How to Build a Pie Safe

Although the specific use of the pie safe, to cool pies while keeping insects and children away, has faded, the classic piece makes a comeback when placed in other rooms of the house. Pie safes can be used as bookshelves, linen closets, a hutch for antiques and collectibles and even a place for media storage for keeping CDs, DVDs and other home office or entertainment items. In the kitchen or not, a traditional pie safe can be made at home in an afternoon and serve as a great family storage piece for years.

Making the Frame

    Shelf, top and trim placement (back not shown)
  1. Stand one of the 5-foot long boards upright. Mark a horizontal line 12 inches from the top edge of the board. The next line is marked 13 inches down from the first line. Draw a third line 17 inches down from the second line. Mark the other 5-foot board in the same manner.

  2. Hold the two 5-foot side boards about three feet apart with the pencil marks facing in. Place one of the 3-foot long boards against the top line on one side board. The line shows you where to set the top edge of the shelf.

  3. Have a friend hold the boards while you nail through the side boards and into the shelf. Space the nails 2 inches apart. Secure the shelf to the top line of the other side board in the same way. Repeat the process with the other two shelf boards, aligning the top edges of the boards to the marked lines and nailing the unit to secure.

  4. Place a 40-inch long 1-by-8 board on top of the shelf unit. Push the 1-by-8 to overhang the back of the cabinet by 2 inches. The board should also overhang the sides by 2 inches on each side. Nail through the board to the sides of the shelf. Set the other 1-by-8 board on top of the shelves and butt it up against the board you just attached. Keep the same overhang of 2 inches on each side and there will also be a 2 inch overhang on the front.

  5. Add a piece of 1-by-2 inch trim to each side by aligning the trim on the front of the cabinet. The trim should be flush with the outer edge of the side board and enclose the cabinet by 1 inch on both sides. Hammer a nail every 4 inches along the side of the trim to attach.

  6. Attach the plywood to the back by placing its 38-inch width up against the overhang of the top. Nail the plywood to the back every 4 inches along the sides. For added security, also nail the back into the shelves every 6 inches. Sand the entire piece to smooth corners and surfaces. Apply wood stain or paint as desired.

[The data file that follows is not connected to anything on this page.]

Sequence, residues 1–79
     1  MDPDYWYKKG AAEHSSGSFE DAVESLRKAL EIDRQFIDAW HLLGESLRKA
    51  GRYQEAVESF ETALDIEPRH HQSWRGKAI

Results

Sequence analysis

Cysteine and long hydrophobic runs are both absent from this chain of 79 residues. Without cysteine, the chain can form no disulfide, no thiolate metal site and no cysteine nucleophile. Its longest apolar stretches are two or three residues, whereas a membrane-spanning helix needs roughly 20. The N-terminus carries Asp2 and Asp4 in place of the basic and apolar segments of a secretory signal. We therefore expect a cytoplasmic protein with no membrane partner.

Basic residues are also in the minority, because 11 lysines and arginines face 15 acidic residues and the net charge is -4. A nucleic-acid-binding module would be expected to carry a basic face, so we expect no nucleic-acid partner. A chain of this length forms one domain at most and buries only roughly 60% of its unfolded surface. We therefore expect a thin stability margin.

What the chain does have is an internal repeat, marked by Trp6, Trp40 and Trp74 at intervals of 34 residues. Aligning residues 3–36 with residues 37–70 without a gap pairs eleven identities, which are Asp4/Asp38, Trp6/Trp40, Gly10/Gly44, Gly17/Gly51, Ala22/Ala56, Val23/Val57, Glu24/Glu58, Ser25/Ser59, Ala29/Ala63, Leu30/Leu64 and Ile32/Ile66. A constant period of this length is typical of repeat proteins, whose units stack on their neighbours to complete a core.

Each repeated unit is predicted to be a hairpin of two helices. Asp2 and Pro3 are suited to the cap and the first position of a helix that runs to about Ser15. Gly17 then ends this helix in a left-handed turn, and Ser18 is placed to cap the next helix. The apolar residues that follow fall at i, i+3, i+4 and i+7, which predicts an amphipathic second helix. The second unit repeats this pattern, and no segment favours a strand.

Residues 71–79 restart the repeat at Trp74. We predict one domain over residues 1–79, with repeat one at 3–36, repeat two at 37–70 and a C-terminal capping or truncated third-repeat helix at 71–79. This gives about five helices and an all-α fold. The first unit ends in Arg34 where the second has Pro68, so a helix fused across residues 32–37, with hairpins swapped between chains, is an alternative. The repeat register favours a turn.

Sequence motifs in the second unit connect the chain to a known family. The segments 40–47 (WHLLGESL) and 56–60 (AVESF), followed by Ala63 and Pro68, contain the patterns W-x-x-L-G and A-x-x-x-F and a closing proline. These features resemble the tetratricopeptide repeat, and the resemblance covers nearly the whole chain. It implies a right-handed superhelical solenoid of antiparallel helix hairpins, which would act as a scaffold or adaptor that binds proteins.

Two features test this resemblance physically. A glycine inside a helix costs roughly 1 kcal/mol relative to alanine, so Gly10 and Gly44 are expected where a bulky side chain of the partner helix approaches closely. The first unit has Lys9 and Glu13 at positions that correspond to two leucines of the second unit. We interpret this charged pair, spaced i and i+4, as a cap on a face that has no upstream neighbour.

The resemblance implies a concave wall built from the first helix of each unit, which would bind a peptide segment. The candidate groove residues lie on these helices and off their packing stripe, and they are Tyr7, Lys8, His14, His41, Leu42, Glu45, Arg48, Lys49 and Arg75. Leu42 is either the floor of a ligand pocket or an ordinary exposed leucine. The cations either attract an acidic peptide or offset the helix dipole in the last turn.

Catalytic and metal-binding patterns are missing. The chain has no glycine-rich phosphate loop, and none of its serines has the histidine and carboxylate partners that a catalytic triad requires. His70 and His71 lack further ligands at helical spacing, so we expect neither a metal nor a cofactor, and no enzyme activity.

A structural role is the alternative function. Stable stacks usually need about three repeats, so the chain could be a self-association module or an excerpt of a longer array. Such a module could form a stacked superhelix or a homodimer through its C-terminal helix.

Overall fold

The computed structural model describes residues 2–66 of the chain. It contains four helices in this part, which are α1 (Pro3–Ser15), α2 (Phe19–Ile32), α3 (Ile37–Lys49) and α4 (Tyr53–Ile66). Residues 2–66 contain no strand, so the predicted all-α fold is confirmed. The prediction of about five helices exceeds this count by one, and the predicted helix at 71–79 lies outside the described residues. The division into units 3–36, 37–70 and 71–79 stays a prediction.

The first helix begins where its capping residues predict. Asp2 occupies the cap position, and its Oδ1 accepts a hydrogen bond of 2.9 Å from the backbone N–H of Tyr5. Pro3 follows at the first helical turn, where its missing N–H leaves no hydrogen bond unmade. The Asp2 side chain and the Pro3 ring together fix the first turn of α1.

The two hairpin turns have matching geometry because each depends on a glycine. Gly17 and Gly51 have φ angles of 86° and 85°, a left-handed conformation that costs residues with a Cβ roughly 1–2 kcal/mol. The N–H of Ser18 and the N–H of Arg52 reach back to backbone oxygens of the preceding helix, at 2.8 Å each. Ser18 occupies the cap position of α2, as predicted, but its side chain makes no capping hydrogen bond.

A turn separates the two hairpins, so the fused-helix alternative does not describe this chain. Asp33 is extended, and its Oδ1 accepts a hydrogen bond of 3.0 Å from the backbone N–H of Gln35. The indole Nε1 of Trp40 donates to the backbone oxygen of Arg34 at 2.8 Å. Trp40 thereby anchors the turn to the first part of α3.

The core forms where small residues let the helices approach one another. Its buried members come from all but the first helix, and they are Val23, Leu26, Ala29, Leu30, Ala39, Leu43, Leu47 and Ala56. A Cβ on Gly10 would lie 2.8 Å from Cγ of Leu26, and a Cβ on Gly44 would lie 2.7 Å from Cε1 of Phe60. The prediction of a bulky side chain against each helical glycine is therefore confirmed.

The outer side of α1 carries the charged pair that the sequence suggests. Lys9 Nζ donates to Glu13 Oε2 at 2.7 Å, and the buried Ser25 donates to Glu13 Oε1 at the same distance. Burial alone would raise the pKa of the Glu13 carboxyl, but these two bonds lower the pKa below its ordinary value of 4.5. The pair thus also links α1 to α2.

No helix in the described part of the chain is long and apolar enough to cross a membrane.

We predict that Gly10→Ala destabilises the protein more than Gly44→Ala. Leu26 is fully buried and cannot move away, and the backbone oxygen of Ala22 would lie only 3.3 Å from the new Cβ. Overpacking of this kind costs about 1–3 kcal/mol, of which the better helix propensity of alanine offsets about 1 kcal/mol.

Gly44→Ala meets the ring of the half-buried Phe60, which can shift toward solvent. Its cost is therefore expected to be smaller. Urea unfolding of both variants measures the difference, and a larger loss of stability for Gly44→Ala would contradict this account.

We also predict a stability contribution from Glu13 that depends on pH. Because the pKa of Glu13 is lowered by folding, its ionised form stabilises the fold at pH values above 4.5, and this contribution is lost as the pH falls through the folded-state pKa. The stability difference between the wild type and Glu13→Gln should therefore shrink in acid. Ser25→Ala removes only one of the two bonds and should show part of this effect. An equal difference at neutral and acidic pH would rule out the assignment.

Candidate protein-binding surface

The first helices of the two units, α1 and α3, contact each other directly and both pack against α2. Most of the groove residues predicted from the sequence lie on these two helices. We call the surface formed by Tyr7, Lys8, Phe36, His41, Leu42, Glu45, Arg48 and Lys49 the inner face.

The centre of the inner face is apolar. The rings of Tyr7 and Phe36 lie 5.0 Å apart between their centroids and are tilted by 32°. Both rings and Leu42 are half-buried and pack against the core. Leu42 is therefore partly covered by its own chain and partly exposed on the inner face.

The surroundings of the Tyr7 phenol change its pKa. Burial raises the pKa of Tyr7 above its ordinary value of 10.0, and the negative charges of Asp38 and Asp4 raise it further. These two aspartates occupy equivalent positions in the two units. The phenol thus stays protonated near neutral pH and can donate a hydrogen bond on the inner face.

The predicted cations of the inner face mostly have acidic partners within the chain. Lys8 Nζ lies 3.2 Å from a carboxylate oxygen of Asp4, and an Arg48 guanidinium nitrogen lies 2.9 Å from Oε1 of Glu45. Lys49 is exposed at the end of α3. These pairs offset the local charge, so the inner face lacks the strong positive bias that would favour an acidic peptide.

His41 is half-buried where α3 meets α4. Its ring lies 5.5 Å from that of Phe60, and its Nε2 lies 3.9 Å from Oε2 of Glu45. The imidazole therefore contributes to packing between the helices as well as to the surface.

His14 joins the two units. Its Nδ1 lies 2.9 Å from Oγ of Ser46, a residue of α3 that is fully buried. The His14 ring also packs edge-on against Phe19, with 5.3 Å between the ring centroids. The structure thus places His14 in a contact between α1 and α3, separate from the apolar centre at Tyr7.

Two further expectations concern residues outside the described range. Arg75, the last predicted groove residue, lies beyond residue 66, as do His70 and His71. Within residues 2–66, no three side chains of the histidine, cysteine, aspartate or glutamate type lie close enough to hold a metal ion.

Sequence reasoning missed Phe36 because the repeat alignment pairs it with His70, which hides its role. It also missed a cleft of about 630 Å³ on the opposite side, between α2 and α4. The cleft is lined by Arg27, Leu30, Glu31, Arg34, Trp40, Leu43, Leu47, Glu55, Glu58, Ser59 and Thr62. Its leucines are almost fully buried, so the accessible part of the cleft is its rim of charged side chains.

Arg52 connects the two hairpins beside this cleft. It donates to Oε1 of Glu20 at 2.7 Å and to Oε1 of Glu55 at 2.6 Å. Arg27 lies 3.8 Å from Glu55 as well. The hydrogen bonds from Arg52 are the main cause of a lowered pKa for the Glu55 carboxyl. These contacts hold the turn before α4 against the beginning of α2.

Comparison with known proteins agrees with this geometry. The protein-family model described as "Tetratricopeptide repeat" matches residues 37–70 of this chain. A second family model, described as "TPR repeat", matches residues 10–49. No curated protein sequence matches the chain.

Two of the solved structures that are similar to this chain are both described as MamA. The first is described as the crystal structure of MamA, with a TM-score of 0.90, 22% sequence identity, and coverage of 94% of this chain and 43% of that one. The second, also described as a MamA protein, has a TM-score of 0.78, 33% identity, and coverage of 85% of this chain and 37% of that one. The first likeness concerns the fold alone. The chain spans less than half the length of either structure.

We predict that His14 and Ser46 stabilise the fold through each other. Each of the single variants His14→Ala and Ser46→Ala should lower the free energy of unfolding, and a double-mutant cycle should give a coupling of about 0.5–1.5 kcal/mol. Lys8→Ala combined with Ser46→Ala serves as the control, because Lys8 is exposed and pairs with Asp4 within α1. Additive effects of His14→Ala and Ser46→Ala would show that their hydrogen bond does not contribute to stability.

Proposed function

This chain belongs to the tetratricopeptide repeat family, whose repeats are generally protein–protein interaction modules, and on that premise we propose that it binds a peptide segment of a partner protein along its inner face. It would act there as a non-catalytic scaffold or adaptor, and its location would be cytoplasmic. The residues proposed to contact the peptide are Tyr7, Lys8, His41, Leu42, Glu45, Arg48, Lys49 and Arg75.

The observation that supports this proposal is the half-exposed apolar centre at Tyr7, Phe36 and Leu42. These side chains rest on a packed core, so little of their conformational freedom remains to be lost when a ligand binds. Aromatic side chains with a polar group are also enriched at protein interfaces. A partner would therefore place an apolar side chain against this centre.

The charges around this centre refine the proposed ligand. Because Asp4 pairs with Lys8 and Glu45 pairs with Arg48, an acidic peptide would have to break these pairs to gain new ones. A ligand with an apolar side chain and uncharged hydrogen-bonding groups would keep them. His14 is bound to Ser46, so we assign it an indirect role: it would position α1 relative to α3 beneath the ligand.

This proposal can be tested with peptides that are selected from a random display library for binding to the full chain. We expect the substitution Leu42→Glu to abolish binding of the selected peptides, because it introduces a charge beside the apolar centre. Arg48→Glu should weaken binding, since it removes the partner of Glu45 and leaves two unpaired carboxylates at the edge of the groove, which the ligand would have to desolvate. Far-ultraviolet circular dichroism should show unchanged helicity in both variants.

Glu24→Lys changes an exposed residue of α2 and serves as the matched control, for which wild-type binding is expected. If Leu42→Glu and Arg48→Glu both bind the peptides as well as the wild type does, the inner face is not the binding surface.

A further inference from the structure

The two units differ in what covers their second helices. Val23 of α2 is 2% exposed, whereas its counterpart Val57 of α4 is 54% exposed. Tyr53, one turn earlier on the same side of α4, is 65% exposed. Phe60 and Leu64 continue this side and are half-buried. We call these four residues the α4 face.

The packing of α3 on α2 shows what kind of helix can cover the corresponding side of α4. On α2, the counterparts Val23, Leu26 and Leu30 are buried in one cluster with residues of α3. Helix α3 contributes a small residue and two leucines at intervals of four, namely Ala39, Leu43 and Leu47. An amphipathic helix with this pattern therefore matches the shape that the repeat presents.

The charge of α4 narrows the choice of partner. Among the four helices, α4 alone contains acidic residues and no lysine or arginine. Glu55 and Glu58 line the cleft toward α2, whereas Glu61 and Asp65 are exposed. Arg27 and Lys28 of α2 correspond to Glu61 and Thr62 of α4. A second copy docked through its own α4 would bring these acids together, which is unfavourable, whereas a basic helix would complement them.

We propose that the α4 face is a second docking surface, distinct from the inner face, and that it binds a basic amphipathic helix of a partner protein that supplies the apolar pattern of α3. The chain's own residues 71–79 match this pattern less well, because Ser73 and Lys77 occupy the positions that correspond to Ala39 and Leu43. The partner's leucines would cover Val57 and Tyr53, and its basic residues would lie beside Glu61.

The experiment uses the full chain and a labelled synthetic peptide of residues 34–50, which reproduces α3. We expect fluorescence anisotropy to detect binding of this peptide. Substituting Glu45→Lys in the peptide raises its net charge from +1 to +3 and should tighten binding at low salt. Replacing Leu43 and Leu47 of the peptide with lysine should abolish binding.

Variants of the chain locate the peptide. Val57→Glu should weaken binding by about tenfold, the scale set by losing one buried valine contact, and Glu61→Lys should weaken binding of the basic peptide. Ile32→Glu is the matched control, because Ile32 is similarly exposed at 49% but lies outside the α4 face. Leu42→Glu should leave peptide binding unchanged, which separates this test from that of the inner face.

Making the Doors

    Layout for the pie safe door
  1. Make each door by setting two of the 1-by-4 inch boards 9 inches apart. At the top and bottom, set a 9-inch long 1-by-6 inch board between the 1-by-4 boards. Place another 1-by-6 board in the center; it should rest 13 inches away from the top and bottom boards. Nail to attach all three inner boards to the sides. Repeat to create the second door. Sand the door, followed by staining or painting.

  2. Set a piece of punched tin over one of the holes with the right side facing down. Keep a 1/2 inch overlap around all sides of the tin and the wood frame. Double-check that your pattern is upright and sitting how you would like before you begin to attach it. Nail a finishing nail every inch down all sides of the tin. Repeat for the other three frames.

  3. Measure along one side of the front of each door and mark points 8 inches in from the top and bottom. Most hinges are made with holes 3 inches apart; if yours are this same distance, then mark a second point 3 inches in from the first at the top and bottom. Attach your hinges by screwing directly into the marked points.

  4. Attach the doors to the frame by having a friend hold one door at a time up to the trim edge of the pie safe front. Use a pencil to mark the points you will need to screw into by lining up the hinges to the trim. Screw the hinges to the frame.

  5. Add a simple pull knob by choosing the point where you want the handle to be. Twist a screw in from the inside until the tip of the screw shows through the front. Line up the knob with the screw and finish twisting until the screw cannot turn and the knob feels secure.


  • Be finished with sanding and staining before you add the punched tin. Some chemicals can be harmful to the metal and cause unsightly discolorations.